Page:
United States: Office for International Settlements announces review of potential controls on brain-computer interface technology and seeks public comment, expanding controls on certain biological equipment software and technologies

On October 26, 2021, the Department of Commerce’s Bureau of Industry and Security (“BIS”) posted an Advance Notice of Proposed Rule Development (“ANPRM”) for public comments regarding the definition of a “brain-computer interface” (BCI). Technology as an emerging technology and the potential for export controls on this technology. Comments are due no later than December 10, 2021.

BCI technology was identified by BIS in November 2018 ANPRM as part of a representative list of emerging technologies essential to the national security of the United States that are currently uncontrolled or subject to very limited controls under current US export control regimes. The most recent ANPRM summarizes comments received at the time regarding potential controls on BCI technology. For more details on ANPRM for 2018, please see our previous blog post.

BCI technology is defined in the latest ANPRM as including, Among other things, neural control interfaces, mind-machine interfaces, direct neural interfaces, and brain-machine interfaces that can be used in commercial, medical, and military applications. BCIs acquire, analyze and translate brain signals into commands that can be used to control external devices. BCI technology can be used in medical fields to replace or restore beneficial function in people with neuromuscular disorders, as an interaction tool for multimedia, entertainment and other fields, and it also has potential military use to enhance the capabilities of human soldiers.

BIS is seeking feedback on the potential uses of BCI technology, particularly its impact on the national security of the United States, and how to establish effective and appropriate export controls on BCI technology that balance the interest of protecting the national security of the United States while minimizing the impact on legitimate trade and scientific applications of this technology. The BIS is particularly interested in understanding the following issues:

  • International standards necessary for BCI technology;
  • The state of development of BCI technology in the United States compared to other countries;
  • The state of commercial application of BIC technology in foreign countries;
  • whether the current stage of development of BIC technology allows for commercial production and use;
  • Development status of non-invasive brain signal sensors and related software;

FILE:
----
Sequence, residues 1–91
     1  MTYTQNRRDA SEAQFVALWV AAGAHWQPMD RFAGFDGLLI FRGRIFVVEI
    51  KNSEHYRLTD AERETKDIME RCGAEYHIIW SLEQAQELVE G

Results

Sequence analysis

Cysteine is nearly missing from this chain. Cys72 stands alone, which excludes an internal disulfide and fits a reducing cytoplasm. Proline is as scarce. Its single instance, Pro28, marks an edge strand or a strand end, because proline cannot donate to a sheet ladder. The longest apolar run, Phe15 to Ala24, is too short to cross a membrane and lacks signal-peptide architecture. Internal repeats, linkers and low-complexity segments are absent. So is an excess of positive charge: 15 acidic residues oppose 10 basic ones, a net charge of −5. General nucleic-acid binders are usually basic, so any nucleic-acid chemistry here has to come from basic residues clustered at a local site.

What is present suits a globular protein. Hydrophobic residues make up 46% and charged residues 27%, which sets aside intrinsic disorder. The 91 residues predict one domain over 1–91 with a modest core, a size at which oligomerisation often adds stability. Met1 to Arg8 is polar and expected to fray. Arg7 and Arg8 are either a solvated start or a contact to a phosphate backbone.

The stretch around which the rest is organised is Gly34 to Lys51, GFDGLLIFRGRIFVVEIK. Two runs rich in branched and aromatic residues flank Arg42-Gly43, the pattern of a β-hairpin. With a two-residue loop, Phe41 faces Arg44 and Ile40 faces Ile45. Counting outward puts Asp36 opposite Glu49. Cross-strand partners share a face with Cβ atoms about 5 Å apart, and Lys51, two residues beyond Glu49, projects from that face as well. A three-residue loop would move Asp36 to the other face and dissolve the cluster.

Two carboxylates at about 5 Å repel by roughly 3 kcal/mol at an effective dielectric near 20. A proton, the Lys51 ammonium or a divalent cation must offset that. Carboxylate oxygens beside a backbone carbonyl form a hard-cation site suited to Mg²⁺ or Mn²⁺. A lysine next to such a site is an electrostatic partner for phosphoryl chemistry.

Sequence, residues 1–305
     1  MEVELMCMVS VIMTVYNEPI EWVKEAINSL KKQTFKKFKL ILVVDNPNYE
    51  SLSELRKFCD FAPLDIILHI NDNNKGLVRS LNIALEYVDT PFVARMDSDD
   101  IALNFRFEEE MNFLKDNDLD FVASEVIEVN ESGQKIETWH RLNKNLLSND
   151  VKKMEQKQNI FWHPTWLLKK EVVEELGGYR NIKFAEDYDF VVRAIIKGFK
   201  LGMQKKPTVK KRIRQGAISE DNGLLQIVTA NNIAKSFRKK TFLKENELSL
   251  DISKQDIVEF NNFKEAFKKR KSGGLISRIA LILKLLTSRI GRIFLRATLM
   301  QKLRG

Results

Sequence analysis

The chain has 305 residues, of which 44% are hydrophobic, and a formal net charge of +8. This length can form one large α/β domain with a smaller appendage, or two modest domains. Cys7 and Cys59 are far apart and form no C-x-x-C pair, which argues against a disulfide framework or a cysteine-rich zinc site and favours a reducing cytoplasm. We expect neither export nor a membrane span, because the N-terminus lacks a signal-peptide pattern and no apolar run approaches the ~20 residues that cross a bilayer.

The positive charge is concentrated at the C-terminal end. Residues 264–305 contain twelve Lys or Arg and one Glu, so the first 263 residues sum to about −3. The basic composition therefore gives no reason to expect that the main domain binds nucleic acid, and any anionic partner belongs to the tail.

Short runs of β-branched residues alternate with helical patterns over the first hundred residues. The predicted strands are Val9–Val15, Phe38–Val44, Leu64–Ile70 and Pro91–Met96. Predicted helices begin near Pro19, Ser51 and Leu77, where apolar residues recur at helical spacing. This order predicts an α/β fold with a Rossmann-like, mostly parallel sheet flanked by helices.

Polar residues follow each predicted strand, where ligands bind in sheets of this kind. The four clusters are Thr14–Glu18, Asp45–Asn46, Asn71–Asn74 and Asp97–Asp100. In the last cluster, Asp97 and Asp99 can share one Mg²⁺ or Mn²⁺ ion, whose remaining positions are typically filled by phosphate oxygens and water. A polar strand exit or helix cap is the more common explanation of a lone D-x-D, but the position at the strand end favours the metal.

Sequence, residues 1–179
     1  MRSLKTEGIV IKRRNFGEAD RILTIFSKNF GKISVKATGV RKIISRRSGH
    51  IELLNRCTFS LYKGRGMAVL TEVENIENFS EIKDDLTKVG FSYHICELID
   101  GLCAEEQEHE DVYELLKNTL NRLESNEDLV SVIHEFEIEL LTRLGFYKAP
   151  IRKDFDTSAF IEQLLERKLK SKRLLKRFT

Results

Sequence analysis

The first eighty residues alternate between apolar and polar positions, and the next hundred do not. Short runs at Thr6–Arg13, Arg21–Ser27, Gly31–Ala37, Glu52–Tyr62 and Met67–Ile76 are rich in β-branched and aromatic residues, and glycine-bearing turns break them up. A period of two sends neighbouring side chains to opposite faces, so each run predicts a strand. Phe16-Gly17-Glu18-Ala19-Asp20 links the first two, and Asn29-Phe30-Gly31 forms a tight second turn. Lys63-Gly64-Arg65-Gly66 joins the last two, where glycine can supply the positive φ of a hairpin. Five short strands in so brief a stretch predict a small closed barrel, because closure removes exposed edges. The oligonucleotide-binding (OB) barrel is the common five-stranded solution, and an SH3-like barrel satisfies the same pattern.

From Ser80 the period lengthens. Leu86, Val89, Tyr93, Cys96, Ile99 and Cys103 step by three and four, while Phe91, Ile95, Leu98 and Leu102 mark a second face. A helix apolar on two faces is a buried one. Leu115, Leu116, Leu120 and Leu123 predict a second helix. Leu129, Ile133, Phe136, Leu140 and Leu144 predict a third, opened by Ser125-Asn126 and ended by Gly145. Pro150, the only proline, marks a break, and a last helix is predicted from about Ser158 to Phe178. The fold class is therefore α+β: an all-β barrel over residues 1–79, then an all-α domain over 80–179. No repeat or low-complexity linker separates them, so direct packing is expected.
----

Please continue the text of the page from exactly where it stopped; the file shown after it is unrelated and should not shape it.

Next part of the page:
• The potential impact of export controls on BCI technology on US technology leadership;
  • The potential interaction between the development of other emerging technologies (such as artificial intelligence technologies) and the development of BCI technology;
  • potential ethical or policy issues arising from the use of BCI technology;
  • potential benefits and risks arising from the application of BCI technology;
  • potential advantages and disadvantages of using BCI chips/sensors and related software for specific applications;
  • whether certain BIC technologies are more vulnerable to cybersecurity threats;
  • potential vulnerability of BCI data transmitted for hacking or tampering;
  • What aspects of BIS technology require monitoring by the US government;
  • What US government policies and regulations or industry standards should be in place before the broad commercial application of BCI technology; And
  • Whether export controls on BCI technology should be implemented multilaterally or unilaterally.

BIS also encourages comments addressing issues raised by comments in response to ANPRM 2018 and any other BCI technology topics relevant to this technology’s export controls.

BIS accepts comments to ANPRM via email ([email protected]) and through the Federal Electronic Systems Manufacturing Portal until December 10, 2021. Companies whose businesses include BIC technology are strongly encouraged to provide detailed feedback to BIS to help shape how this technology will be controlled going forward.

Baker McKenzie is pleased to assist interested companies in preparing and providing public comment in response to ANPRM.

Separately, on October 5, 2021, BIS published a final rule to amend the Export Administration Regulations to add new controls under ECCN 2D352 and 2E001 on certain emerging technology genetic sequencing programs, specifically the nucleic acid and synthesizer assembly program, and related technology capable of designing and constructing functional genetic elements. from numerical sequence data. These programs can be used to generate pathogens and toxins without the need to obtain controlled genetic elements and organisms, and thus can be used for biological weapons purposes. This final rule implements changes agreed at the plenary session of the Multilateral Group of Australia in May 2021. Such programs now require chemical and biological weapons (CB) and counter-terrorism (AT) licensing for some countries. These controls are already in effect as of October 5, 2021.

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